From the Week of September 21st – September 27th.
1. If we want a sustainable economy, “We’d better expand the realm of what we think is realistic.” Here is one vision. Mr. Soddy’s Ecological Economy
2. Our friends at Occupy the SEC have revamped their web site.
3. Occupy Central is a democracy movement in Hong Kong. They have adopted some of the principles of Occupy but focus is on political, not so much economic, equality.
4. Investors noticing that hedge funds do not deliver on their promises
5. Is rising inequality inevitable? No, it is a political choice.. Hat tip to Yves.
7. Advisors to retirement plans are not required actually to give good advice. That is, they don’t have to put the client’s interest first (so called “fiduciary duty”). They can recommend plans that they make large commissions on even if better choices are available as long as their advice is not terrible. Efforts to end this abuse have been moving very slowly but at least there may be some progress.
From the Week of September 14th – September 20th.
1. Anything but 9 to 5. This is the article that came-up in our discussion of scheduling issues at Starbucks, McDonalds, etc. It is from mid-August, but well worth reading.
2. Fast Food Workers and a New Form of Labor Activism. This fairly long piece from the New Yorker also got mentioned. It came out about a week ago and has been getting a lot of attention. It is one of the more positive things you will find written in mainstream media about new labor activity.
3. Alternative Banking member Marni weighs in on the present and future of Occupy. Not Quiet on the Democratic Front: Why Occupy Still Matters on 3rd Anniversary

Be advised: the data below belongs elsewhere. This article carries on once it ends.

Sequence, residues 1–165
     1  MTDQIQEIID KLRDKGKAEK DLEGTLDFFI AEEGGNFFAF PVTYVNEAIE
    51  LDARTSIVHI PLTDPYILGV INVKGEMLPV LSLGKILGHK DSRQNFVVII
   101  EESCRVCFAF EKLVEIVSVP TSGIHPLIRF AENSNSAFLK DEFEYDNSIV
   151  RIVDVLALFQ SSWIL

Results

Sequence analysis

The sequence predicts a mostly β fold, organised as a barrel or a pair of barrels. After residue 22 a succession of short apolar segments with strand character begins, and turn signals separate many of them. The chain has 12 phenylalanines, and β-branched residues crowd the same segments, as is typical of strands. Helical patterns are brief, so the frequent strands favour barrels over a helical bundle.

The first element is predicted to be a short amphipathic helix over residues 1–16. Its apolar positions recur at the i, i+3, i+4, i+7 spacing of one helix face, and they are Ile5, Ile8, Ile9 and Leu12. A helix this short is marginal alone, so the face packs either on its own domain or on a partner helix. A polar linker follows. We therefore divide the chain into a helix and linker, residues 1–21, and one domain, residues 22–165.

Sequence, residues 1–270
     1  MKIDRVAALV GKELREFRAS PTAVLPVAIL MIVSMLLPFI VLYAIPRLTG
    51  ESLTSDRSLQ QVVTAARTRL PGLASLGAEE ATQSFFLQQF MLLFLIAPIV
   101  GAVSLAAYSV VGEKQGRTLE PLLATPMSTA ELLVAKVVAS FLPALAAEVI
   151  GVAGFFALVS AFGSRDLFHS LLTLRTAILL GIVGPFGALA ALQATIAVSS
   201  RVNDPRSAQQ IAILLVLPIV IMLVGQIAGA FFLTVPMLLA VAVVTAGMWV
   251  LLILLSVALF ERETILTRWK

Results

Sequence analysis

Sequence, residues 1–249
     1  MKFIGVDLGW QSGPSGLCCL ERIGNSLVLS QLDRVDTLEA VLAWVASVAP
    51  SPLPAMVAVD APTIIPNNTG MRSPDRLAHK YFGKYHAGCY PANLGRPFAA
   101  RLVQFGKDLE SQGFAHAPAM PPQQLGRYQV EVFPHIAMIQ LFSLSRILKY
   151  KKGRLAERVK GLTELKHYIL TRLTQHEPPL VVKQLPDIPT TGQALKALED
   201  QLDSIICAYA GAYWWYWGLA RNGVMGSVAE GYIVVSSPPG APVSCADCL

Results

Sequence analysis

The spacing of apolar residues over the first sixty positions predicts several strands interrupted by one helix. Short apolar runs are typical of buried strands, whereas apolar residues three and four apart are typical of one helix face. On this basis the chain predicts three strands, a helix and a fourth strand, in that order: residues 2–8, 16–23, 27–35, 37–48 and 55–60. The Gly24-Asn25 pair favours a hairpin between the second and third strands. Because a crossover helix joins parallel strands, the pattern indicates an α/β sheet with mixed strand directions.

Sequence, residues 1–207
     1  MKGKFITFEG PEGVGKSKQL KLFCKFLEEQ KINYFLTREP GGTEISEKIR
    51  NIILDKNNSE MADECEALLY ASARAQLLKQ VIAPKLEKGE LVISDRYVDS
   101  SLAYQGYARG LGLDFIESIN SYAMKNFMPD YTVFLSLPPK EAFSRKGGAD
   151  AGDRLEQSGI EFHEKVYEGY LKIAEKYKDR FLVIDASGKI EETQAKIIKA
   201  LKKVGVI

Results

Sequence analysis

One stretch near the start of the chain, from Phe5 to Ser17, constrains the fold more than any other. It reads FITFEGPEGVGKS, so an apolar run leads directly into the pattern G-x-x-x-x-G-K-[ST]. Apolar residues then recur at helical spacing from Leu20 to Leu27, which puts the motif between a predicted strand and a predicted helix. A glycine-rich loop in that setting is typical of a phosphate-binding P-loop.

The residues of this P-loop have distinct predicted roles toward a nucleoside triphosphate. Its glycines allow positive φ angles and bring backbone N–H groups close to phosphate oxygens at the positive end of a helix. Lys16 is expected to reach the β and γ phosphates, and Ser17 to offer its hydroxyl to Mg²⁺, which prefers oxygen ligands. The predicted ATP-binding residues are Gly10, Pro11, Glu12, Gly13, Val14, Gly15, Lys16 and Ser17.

5. Justice Department may finally be interested in prosecuting bankers. Justice Department Urges Banks to Implicate Employees We hope the follow through (though, alas, so much is past the statute of limitations,
6. Federal Judge rules that regulators are allowed to regulate. Let’s hope it stands up on appeal. Federal Judge Upholds U.S. Effort to Regulate Overseas Trading
7.[Against the Grain Radio podcast] Social Movements After Occupy, featuring Arun Gupta (and also covered in his article on same at Counter Punch). I know we don’t like it when the media refers to Occupy in the past tense, but this is a very astute critique of the climate march, crediting it as an overall good thing, but sharply castigating it for being so denuded as to avoid mentioning an enemy or in anyway connect climate change to economic dynamics. Maybe we should attend the march with signs saying “It’s Finance Capitalism, Stupid.”
8. Good discussion of Detroit bankruptcy settlement. Bond insurer Syncora extracted more money from the people and retired employees of Detroit to allow it to emerge from bankruptcy. This is similar to the attempt to extort of money from Argentina by Paul Singer and Elliott Management.
9. Speaking of Argentina, here is the latest news. Citigroup Tells Appeals Court of Its Argentina Quandary
10. Failed Bank’s Broken Vows Mean Little. Court blocks effort to hold bank officers and directors responsible for ignoring regulators, violating the bank’s own rules.
Not proposed as discussion topics, Alt-B and friends in the press:
Alternative Banking Group, or at least Cathy, discussed in a highfalutin academic journal. Maybe Cathy can get us a samizdat copy.
Here’s Who To Thank For Our National Obsession With Inequality. I would question their use of “obsession”. We aren’t obsessed with inequality. We still aren’t concerned enough but OWS and Piketty are helping. In any event, Occupy the SEC got a nice shout-out.
From the Week of September 7th – September 13th
1. China’s Yellow River Under Threat Just the beginning of a water crisis in China and around the world.